Neighborhood networks, social capital, and political participation: The relationships revisited
Journal of Urban Affairs
This article explores the relationship between informal networks of interaction and trust among neighbors and political engagement by neighborhood residents. The United States lacks mass-based political organizations that directly represent the interests of poor and working class citizens. Therefore, geographically based neighborhood associations are one of the few mechanisms available to represent these interests. The segregation of urban neighborhoods by class and race presents many disadvantages for lower income residents, but geographical concentration can have the advantage of facilitating organized political action. Because neighborhood organizations are such an important mechanism by which disadvantaged urban populations assert their needs and perspectives, it is critical to understand which characteristics of residents encourage the formation of such organizations and enable them to be effective in influencing public policies. What kinds of networks and relationships exist among residents of lower income neighborhoods that might encourage them to organize for political action?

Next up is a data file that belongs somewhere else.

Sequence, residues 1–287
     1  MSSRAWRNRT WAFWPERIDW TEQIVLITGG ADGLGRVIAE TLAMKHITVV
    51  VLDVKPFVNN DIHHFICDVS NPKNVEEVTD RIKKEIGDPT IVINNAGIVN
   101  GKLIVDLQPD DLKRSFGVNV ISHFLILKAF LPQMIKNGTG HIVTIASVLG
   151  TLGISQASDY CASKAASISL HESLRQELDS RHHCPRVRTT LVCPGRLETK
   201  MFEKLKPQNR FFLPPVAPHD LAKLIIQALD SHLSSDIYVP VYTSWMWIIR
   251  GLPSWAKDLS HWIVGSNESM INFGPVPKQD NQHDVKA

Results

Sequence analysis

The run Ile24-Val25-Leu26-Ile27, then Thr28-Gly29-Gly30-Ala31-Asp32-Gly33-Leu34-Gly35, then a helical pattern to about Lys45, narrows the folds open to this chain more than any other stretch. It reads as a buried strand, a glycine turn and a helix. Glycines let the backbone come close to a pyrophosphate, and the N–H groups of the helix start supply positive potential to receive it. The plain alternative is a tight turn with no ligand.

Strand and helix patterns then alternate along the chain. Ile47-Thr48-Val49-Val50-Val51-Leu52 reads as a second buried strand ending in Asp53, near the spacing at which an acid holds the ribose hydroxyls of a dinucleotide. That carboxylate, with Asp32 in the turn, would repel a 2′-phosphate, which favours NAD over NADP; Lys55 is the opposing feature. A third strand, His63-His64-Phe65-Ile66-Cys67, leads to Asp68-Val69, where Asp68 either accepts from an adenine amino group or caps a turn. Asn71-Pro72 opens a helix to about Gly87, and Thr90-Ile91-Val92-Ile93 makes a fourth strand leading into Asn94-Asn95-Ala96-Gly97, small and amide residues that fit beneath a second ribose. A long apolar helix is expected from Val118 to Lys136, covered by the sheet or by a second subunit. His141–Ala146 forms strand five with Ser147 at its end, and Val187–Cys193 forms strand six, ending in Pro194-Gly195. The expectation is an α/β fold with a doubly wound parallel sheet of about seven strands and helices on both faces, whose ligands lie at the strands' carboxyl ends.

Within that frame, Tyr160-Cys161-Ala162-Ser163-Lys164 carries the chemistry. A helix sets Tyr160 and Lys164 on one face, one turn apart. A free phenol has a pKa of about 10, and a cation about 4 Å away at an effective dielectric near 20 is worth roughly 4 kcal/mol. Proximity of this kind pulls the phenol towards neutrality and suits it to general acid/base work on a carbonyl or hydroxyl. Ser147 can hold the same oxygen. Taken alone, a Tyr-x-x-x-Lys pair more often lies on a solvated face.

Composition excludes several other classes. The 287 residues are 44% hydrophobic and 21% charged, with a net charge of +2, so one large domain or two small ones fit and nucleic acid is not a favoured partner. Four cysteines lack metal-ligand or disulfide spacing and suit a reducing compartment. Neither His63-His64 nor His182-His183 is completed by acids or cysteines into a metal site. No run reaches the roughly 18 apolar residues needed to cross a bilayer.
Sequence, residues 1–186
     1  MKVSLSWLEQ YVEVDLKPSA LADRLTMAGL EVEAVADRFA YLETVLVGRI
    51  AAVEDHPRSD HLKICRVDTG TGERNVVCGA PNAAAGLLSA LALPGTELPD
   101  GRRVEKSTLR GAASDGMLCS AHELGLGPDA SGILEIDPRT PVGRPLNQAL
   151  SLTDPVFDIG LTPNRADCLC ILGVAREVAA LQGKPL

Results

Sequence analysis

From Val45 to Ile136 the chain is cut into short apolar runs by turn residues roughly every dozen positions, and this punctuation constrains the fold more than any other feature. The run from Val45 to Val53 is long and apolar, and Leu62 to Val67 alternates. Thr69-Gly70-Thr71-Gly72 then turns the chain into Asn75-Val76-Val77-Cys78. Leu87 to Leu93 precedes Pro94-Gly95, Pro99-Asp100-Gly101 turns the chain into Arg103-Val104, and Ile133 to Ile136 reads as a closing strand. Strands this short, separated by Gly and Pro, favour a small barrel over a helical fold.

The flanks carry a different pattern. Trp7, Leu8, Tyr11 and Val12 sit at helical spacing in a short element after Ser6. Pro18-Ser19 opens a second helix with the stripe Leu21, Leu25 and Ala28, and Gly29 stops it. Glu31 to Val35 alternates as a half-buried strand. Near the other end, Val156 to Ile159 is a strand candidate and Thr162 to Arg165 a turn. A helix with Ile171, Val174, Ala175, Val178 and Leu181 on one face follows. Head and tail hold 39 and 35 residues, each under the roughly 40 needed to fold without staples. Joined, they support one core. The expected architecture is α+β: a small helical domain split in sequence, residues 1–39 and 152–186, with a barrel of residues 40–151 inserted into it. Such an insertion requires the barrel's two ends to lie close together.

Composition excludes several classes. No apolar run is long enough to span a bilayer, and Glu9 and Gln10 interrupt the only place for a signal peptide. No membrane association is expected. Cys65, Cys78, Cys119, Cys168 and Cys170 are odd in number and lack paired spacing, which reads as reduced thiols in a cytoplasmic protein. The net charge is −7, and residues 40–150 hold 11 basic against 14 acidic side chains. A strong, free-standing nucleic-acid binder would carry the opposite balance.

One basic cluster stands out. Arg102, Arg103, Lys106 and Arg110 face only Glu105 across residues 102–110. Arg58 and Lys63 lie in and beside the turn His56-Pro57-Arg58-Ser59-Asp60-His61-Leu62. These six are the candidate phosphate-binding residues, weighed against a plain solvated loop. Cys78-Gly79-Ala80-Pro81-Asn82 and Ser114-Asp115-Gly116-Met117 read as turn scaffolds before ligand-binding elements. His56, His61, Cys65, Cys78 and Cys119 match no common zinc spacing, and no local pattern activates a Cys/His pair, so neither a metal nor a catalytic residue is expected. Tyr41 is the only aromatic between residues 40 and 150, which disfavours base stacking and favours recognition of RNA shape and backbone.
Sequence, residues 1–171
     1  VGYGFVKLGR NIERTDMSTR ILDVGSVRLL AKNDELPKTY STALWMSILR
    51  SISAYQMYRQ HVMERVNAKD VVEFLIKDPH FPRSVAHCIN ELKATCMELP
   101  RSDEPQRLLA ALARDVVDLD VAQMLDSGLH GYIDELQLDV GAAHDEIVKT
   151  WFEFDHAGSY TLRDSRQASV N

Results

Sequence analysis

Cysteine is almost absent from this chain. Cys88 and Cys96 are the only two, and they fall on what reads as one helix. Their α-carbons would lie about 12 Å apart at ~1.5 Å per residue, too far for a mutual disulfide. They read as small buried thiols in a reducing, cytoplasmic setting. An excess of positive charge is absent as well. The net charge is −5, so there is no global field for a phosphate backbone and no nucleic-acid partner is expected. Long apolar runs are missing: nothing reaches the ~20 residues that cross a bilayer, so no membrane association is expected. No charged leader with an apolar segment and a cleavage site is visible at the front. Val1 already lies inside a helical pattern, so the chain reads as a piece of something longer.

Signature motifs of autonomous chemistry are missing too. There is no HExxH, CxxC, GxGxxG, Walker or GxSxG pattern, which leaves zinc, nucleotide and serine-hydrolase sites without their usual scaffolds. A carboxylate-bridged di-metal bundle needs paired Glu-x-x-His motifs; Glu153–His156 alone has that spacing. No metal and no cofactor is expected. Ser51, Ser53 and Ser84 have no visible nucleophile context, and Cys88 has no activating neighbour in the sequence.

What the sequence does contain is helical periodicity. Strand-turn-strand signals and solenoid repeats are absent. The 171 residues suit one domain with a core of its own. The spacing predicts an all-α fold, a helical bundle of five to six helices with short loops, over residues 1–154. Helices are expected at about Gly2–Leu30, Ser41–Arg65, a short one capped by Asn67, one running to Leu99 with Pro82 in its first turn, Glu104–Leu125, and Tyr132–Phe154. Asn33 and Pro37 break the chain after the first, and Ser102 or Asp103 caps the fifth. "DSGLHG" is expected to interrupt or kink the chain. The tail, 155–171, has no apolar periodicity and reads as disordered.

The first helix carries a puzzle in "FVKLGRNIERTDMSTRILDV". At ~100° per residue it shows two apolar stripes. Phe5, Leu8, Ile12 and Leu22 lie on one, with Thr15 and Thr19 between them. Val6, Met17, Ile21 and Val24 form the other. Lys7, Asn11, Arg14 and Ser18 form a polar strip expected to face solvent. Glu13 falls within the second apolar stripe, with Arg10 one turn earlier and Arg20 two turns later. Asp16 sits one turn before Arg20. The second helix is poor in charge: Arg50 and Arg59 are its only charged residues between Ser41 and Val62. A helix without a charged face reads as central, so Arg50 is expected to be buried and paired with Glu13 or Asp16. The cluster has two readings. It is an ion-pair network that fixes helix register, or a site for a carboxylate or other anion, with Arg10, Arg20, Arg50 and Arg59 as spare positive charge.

Original Publication Date
DOI of published version
Hays, Richard Allen, "Neighborhood networks, social capital, and political participation: The relationships revisited" (2015). Faculty Publications. 1250.